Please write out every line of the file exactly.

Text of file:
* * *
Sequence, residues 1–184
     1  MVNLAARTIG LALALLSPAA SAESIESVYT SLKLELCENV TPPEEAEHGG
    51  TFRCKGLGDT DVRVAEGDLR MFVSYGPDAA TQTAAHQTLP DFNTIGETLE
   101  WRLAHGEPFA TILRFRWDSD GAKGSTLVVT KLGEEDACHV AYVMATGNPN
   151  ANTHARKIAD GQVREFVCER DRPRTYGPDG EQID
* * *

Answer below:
Sequence, residues 1–184
     1  MVNLAARTIG LALALLSPAA SAESIESVYT SLKLELCENV TPPEEAEHGG
    51  TFRCKGLGDT DVRVAEGDLR MFVSYGPDAA TQTAAHQTLP DFNTIGETLE
   101  WRLAHGEPFA TILRFRWDSD GAKGSTLVVT KLGEEDACHV AYVMATGNPN
   151  ANTHARKIAD GQVREFVCER DRPRTYGPDG EQID